…truck OEMS and suppliers have been researching, developing and testing new technology to meet anticipated changes…
Waste heat recovery—Waste heat recovery is a technology that has been in use in stationery diesel engines for years. The concept, however, is new to on-highway trucks. According to Remboski the recovery process works like steam engines. The heat exchanger boils the exhaust gas; it spins the engine and then is condensed back to fluid to go through the cycle again. Currently 60% of fuel energy goes out the exhaust, making it wasted energy that could be captured and reused.
Turbo efficiency—“Turbo charging creates more useable boost with less constriction,” noted Remboski. “In the exhaust turbine, exhaust gas spins the turbo compressor and the gas flows more efficiently with less backpressure so the turbine has less work. Waste heat recovery and turbo efficiency should provide increased vehicle fuel efficiency.”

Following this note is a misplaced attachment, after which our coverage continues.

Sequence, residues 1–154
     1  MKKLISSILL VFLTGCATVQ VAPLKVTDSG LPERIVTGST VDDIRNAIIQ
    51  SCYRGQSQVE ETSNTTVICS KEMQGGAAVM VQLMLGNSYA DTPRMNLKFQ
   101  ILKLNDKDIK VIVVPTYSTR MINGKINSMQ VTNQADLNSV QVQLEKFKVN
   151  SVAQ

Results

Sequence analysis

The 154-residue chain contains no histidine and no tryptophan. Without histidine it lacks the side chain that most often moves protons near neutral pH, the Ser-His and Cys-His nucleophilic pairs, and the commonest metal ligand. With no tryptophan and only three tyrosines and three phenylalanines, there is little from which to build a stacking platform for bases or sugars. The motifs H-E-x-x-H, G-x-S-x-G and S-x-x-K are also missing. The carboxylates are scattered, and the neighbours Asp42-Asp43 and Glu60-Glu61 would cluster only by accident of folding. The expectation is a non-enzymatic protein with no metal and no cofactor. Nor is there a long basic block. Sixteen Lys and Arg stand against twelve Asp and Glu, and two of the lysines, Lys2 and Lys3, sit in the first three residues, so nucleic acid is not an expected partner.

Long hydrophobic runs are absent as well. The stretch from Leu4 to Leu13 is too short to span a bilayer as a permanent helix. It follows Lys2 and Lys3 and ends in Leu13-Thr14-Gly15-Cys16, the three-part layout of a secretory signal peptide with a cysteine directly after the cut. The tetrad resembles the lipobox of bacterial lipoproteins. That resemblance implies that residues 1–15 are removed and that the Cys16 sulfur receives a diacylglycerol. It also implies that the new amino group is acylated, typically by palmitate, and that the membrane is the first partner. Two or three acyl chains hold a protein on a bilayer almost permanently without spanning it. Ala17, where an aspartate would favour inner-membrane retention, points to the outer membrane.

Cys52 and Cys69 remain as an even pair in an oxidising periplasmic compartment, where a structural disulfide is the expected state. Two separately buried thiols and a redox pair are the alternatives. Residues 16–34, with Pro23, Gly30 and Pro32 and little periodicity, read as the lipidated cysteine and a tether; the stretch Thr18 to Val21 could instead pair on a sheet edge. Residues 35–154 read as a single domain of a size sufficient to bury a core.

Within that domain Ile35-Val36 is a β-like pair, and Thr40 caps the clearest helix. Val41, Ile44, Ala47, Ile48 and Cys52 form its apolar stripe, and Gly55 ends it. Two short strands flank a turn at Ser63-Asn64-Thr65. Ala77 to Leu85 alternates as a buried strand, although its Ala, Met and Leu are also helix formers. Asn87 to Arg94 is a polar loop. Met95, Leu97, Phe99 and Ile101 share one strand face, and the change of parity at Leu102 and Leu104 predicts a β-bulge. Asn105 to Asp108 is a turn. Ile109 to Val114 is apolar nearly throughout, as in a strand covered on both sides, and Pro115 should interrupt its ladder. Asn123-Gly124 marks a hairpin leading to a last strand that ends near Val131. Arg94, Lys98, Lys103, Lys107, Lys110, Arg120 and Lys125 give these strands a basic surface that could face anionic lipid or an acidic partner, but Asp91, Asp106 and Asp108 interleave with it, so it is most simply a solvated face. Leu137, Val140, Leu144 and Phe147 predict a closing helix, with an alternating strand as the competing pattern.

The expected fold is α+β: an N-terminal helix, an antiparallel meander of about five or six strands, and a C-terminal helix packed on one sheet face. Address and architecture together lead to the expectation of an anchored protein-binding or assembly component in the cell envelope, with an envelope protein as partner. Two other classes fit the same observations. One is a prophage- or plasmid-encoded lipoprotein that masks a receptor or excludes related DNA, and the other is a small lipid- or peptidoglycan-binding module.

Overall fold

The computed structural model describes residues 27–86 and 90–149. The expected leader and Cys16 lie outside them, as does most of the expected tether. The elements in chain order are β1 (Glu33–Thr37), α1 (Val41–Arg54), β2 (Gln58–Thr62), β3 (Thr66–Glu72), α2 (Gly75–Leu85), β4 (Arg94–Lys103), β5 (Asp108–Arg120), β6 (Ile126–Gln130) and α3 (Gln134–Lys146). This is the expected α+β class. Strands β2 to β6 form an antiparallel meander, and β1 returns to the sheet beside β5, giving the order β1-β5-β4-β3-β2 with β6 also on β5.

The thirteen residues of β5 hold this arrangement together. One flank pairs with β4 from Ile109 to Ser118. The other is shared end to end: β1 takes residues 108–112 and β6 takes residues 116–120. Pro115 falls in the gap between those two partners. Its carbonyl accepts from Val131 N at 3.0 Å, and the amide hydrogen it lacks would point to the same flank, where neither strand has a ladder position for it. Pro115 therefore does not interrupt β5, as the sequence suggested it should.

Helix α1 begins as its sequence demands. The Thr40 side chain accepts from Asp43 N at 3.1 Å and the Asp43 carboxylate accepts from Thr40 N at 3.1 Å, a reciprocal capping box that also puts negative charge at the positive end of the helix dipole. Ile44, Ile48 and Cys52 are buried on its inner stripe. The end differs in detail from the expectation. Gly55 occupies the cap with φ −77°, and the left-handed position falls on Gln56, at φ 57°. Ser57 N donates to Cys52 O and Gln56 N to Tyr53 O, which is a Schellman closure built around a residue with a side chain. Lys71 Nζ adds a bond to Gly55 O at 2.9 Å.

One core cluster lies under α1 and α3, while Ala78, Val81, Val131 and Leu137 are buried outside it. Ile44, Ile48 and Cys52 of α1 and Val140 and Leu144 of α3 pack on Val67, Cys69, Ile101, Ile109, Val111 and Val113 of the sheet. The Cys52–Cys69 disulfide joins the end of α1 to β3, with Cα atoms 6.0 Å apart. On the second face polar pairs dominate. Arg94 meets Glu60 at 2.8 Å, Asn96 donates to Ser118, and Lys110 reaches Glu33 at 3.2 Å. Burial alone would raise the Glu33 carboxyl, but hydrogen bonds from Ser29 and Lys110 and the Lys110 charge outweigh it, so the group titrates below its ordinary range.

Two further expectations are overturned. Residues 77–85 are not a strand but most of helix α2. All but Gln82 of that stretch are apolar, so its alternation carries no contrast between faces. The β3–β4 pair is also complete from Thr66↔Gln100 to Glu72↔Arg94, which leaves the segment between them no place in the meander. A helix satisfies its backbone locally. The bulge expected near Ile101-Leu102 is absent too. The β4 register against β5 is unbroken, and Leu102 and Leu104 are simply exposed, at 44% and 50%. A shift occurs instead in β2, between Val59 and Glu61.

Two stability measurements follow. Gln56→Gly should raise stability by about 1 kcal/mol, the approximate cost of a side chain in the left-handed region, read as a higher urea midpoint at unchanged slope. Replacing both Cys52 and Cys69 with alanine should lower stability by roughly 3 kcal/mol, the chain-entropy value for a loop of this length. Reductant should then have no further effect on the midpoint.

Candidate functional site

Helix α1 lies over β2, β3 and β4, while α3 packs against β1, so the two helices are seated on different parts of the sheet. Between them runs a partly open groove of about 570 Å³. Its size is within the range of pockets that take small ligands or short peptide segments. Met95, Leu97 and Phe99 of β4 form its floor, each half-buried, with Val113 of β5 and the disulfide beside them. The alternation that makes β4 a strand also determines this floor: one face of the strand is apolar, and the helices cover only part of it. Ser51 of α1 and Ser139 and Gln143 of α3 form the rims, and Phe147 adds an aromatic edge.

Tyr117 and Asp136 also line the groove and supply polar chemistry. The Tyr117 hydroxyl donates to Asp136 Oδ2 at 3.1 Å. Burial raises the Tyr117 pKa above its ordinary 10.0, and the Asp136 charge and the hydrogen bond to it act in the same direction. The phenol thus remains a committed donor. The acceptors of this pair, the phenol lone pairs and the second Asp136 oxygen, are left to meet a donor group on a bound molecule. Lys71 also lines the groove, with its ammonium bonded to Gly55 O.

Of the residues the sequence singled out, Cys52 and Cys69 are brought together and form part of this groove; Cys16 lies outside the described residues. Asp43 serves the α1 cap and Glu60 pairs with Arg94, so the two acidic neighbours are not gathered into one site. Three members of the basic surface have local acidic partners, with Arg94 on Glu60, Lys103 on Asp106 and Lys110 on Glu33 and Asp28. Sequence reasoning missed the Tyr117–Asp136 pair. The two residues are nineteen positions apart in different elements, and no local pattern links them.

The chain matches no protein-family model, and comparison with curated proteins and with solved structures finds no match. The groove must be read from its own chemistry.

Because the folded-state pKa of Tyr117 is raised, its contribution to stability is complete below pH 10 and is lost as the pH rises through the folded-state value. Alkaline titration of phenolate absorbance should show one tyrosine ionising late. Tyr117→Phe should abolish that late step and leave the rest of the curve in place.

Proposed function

Lubricant viscosity—Changes in lubricant viscosity includes engines and axles. Slesinski stated, “We are looking at lubricant viscosities for axles, in particular our AdvanTEK axle series.” Remboski added, “Driveline lubes used to be taken for granted, but now they are critical to reach the expected service life with engine downspeeding.”
It is clear that new technologies, some of which may still be on the drawing board, are going to be at the center of creating the onboard systems that will help OEMs and Tier I suppliers meet—and perhaps even exceed—the upcoming GHG mandate. Fleet managers know that new technology often equates to higher sticker prices, but the level of sophistication in the technology being developed now will likely provide efficiency advantages for fleets.